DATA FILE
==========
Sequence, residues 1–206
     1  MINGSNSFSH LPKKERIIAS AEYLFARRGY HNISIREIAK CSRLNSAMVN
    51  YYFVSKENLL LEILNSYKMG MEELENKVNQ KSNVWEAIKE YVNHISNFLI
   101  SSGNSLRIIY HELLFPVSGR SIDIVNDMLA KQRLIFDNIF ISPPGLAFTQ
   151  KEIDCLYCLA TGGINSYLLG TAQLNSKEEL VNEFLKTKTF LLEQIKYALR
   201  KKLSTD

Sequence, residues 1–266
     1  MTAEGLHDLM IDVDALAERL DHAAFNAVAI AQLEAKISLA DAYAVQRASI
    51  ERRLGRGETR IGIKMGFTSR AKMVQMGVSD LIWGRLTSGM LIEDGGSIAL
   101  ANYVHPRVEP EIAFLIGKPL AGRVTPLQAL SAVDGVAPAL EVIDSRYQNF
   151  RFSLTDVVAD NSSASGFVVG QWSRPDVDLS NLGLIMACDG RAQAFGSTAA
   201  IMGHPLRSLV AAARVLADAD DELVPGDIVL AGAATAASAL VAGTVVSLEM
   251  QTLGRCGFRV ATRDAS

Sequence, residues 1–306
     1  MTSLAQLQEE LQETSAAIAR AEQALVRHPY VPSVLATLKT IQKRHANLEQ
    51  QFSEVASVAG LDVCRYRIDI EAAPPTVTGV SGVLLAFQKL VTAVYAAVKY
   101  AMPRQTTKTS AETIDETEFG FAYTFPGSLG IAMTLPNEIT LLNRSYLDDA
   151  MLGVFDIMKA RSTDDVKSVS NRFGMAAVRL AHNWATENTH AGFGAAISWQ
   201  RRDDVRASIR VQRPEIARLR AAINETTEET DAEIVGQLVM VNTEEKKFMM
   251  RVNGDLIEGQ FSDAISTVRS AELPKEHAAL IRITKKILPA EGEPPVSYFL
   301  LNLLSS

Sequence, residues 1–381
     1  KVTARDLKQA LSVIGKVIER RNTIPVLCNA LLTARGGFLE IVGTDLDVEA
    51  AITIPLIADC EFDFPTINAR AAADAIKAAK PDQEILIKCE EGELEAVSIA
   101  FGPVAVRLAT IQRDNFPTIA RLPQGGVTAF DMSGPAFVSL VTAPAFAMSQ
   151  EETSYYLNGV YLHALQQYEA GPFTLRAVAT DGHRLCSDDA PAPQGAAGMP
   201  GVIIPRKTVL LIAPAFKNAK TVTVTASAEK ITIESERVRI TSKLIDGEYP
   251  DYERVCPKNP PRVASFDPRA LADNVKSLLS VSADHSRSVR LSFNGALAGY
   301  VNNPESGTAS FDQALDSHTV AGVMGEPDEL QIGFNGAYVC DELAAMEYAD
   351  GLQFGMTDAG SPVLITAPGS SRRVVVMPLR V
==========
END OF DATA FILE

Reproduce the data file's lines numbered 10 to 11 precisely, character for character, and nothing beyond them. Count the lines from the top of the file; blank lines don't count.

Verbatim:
   101  ANYVHPRVEP EIAFLIGKPL AGRVTPLQAL SAVDGVAPAL EVIDSRYQNF
   151  RFSLTDVVAD NSSASGFVVG QWSRPDVDLS NLGLIMACDG RAQAFGSTAA